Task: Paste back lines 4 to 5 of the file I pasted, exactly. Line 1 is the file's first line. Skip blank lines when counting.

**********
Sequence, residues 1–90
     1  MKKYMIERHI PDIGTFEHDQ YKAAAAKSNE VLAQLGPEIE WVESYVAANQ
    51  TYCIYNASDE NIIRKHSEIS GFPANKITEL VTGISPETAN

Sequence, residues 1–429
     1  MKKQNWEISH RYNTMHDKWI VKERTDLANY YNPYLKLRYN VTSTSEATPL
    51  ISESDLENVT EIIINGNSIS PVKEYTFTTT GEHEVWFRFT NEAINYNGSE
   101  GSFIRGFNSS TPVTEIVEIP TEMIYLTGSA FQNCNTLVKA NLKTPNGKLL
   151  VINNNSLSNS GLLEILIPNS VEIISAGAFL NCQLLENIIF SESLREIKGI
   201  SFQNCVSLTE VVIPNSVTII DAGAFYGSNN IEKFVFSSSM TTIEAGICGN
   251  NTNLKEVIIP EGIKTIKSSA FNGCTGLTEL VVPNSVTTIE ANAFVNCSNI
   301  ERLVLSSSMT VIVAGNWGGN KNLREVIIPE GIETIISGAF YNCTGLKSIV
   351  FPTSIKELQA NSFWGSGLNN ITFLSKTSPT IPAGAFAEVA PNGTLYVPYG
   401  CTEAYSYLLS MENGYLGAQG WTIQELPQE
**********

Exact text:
Sequence, residues 1–429
     1  MKKQNWEISH RYNTMHDKWI VKERTDLANY YNPYLKLRYN VTSTSEATPL